THE ITALIAN SENATE has followed the country’s Chamber of Deputies in passing a motion of confidence in Mario Monti’s technocratic government – paving the way for another major package of austerity measures.
Senators voted by 257 votes to 41 to express confidence in Monti’s administration, though BBC News remarks that all major political parties expressed some reservations about the €33bn package of measures.
The austerity measures were tied to the vote of confidence – the second of Monti’s six-week tenure. The lower Chamber of Deputies had also easily passed a similar motion last Friday.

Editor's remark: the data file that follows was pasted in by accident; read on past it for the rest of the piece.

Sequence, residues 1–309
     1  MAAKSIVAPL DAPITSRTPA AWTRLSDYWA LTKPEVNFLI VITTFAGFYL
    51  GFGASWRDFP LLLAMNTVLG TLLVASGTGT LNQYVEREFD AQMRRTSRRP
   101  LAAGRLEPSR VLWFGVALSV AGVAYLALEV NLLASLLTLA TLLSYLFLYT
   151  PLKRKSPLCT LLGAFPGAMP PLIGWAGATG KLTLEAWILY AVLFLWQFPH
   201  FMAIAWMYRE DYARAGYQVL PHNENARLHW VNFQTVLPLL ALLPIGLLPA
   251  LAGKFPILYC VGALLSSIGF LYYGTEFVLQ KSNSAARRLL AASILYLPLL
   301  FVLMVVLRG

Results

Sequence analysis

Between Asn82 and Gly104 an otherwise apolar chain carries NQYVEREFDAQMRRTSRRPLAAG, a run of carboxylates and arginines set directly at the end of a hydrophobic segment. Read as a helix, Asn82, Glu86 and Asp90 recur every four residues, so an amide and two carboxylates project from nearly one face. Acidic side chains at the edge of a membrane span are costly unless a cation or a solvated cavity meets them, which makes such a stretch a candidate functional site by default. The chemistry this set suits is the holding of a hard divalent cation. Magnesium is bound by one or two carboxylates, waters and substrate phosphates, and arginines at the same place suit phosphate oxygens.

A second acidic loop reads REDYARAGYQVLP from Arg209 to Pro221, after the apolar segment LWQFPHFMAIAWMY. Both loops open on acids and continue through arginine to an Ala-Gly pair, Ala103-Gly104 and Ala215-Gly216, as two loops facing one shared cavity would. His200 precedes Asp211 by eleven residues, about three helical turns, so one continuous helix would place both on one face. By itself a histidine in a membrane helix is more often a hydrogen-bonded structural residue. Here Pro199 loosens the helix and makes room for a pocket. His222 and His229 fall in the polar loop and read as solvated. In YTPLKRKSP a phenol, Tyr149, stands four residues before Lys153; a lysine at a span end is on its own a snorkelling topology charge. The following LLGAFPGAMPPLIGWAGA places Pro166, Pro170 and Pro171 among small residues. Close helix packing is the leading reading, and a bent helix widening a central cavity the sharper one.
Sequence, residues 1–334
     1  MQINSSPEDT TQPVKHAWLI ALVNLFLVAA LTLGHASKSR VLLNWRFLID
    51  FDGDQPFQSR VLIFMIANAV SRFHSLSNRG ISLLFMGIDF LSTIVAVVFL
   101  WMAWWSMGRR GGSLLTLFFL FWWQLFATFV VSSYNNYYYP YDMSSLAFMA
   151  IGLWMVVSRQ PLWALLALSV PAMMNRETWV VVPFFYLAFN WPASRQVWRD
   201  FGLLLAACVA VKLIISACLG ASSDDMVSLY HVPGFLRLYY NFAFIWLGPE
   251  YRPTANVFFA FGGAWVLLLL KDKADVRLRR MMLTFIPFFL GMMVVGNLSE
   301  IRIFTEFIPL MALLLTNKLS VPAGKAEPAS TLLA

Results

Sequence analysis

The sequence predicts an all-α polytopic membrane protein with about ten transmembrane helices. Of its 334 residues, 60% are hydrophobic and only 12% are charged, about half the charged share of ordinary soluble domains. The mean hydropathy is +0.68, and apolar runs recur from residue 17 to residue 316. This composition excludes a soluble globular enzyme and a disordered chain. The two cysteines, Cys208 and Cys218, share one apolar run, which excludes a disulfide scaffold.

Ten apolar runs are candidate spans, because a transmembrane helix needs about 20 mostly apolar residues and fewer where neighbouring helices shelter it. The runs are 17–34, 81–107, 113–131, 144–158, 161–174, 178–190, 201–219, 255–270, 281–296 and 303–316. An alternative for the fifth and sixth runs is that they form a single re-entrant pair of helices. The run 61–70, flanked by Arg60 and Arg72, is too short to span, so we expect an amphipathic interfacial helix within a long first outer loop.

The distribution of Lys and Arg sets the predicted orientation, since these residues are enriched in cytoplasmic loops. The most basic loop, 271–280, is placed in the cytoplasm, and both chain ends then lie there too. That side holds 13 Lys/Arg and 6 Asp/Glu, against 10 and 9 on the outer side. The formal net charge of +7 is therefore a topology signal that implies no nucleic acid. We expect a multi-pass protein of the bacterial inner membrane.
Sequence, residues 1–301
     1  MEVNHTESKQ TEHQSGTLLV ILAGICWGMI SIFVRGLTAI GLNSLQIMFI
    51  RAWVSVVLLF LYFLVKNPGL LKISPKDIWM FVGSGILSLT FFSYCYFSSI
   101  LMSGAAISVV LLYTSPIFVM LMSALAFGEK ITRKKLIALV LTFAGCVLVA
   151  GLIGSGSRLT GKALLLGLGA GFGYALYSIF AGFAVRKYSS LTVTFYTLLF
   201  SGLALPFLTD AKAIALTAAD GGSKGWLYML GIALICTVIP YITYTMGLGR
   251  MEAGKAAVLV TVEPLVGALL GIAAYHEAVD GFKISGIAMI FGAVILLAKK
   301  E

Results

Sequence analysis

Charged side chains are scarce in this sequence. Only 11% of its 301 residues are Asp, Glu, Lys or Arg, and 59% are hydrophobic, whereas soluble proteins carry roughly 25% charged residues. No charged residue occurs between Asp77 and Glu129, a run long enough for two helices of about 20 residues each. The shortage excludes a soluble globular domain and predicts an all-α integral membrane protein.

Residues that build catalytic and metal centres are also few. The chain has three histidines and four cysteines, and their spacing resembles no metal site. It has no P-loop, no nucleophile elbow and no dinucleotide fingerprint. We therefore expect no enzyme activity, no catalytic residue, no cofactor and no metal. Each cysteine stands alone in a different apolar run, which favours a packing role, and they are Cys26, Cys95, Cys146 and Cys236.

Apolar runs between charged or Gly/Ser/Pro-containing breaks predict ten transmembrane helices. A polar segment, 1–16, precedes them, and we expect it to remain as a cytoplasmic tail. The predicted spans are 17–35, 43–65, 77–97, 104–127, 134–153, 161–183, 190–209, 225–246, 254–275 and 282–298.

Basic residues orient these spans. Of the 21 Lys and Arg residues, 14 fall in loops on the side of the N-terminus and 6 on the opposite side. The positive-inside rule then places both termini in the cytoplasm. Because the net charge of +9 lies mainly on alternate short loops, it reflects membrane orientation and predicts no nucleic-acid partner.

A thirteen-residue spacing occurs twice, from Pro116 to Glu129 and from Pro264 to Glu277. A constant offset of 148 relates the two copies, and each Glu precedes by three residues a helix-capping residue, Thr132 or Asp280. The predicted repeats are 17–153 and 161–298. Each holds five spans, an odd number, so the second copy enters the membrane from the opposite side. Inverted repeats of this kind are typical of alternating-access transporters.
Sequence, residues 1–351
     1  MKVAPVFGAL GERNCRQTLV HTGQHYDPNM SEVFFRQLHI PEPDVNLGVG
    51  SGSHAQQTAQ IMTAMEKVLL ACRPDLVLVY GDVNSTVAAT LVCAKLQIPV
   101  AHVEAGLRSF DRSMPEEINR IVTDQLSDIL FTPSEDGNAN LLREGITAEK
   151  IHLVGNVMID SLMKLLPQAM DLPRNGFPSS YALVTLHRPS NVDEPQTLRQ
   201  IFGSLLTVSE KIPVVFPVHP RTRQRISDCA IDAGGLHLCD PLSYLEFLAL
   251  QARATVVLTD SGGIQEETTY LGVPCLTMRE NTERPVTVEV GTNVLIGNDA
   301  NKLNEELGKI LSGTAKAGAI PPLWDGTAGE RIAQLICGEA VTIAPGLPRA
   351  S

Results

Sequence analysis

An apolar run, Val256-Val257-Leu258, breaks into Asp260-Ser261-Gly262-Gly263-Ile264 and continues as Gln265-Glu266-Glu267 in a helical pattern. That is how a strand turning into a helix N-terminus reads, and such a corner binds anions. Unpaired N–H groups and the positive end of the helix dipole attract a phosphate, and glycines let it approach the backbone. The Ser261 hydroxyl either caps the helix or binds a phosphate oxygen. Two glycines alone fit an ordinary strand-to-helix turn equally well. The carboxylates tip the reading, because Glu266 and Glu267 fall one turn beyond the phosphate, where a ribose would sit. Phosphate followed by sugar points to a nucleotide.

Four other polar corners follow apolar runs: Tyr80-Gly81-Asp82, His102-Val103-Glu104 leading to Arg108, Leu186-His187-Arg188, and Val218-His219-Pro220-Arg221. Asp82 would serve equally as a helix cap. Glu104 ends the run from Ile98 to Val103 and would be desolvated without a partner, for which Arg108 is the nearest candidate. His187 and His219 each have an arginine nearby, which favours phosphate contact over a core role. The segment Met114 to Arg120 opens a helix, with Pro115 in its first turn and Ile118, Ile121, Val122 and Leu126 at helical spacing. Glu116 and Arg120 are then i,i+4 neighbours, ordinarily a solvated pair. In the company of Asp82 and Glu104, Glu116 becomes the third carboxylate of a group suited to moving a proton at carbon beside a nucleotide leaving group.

The measures include a controversial proposal to raise the retirement age for women from 60 to 66, in line with the age for men – an announcement which brought welfare minister Elsa Fornero to tears as she announced it earlier this month.
The cost of borrowing for Italy remains perilously high, however – with the markets currently charging 6.85 per cent for a 10-year loan to the Italian government, a level considered by many to be close to unsustainable.